My First Mile High Swap

The end of the first quarter of the year is always a busy time. It's also spring break. Unfortunately for me, spring break is slowly becoming synonymous with poor health. Last year, I was hit by shingles; this year, it was a tryst with the dreaded flu. It was, therefore, a good thing that our spring ski getaway was canceled, albeit for completely unrelated reasons. Not only was there mainly slush on the slopes due to unseasonably warm temperatures, but March also proved to be one of the driest months for the mountains, instead of the snowiest.

I've been busy. That's always good, especially in these trying times.

Green Beans Koshimbir
Green beans koshimbir

The only recipe I have for you in this post is my Green Beans Koshimbir, written for my Cooking Boulder column. Take a look and let me know what you think, if you try it.

I do have more to food-related stuff to share though! I went to my first food swap yesterday. It was organized by the Mile High Swappers, a community that I have been following since it was launched a little less than a year ago. I tried to make it to a swap in Boulder in March but that was doomed from the start so I decided that the April swap would have to be it. I roped in my friends, Lisa and Zara. Zara convinced her sister, Tarahta, to join us. We gave her only about 15 minutes notice, as long as it took for us to drive to her house to pick her up on our way to the swap, hosted by Stonebridge Farm in Lyons.

The ubiquitous red barn, at Stonebridge Farm

If you've been a longtime reader of my blog, then you know how thrilled I was when we had a food co-op going in my neighborhood. A food swap is very similar except that you get to choose what you want to exchange for the homemade goodies you took to the swap. In our food co-op, everyone went home with an identical set of food.

I took five one-quart containers and four half-quart containers of my sambar. I swapped them for farm-fresh chicken eggs, organic dried kidney beans, bread and hummus, hot salsa, Joe's hot sauce, serrano-pequin sauce, chocolate cake, chipotle dried pineapple and quinoa bites.

My Loot!
Lookit! My loot!

After setting up my cooler on a table, I walked around the large room that the owners of Stonebridge Farm had made available to us, sampling and making new friends. As I walked past a batch of hot sauce, I noticed a familiar name. It was one that I have heard repeatedly since Medha was in elementary school. Joe, now a seventh grader, is in the same middle school as Medha. He was also in the after-school Chess Club that was led by my husband when they were in elementary school. Of course, that name was familiar!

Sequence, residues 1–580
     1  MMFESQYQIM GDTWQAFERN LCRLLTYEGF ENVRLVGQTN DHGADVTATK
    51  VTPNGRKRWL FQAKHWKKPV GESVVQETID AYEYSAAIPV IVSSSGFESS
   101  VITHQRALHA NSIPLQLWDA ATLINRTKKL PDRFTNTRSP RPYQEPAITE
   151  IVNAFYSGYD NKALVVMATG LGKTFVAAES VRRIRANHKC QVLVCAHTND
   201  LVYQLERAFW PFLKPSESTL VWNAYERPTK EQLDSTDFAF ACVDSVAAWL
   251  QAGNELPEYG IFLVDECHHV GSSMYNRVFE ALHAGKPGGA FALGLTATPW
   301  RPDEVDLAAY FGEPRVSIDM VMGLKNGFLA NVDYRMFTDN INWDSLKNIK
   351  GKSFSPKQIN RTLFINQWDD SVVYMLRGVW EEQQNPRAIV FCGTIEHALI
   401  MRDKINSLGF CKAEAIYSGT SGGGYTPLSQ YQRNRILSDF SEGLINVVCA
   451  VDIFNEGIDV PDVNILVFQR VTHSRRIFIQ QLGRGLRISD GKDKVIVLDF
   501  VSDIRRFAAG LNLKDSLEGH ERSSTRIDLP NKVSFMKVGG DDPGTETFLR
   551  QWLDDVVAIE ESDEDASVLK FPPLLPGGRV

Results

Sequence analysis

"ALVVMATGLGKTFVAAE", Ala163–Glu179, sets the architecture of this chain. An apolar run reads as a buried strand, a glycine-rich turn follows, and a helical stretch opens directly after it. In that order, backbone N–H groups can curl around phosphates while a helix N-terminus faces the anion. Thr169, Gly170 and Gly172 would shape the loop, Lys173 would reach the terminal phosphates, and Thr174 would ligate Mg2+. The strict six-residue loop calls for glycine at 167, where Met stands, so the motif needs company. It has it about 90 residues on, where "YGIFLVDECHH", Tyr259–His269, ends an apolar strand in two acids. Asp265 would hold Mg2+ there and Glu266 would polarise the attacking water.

Joey and Ingrid
Food swappers, Joe and his mom Ingrid.

Like his mother, Ingrid, Joe came as a food swapper. She foraged for porcini mushrooms, dried them and brought them to the swap. She also baked pies from concord grapes rather than let the raccoons feast on them. Joe brought bottles of delicious hot sauce. I was so impressed! I had hoped to take Medha with me as an observer but she had plans of going horse-riding with a friend. I definitely want her to feel the positive energy that a group like this generates.

John Martin
John Martin, owner of Stonebridge Farm, giving us a short tour

We were given a short tour of the farm. We saw the beginnings of young spinach and other greens in a greenhouse, built mostly from recycled materials, that would make their way into someone's CSA box. Stonebridge Farm is about 10 acres in size, of which about 4 acres is farmed. We were also given a brief introduction to the hows and whys of growing grapes in Colorado.

Zara, Tarahta and Lisa

Much as I loved the tour, I was happy to be back inside the barn where we were swapping, as it was kept toasty warm by a refurbished antique fireplace. The theme throughout the farm was no-waste, recycle and reuse.

Refurbished fireplace
Wood fireplace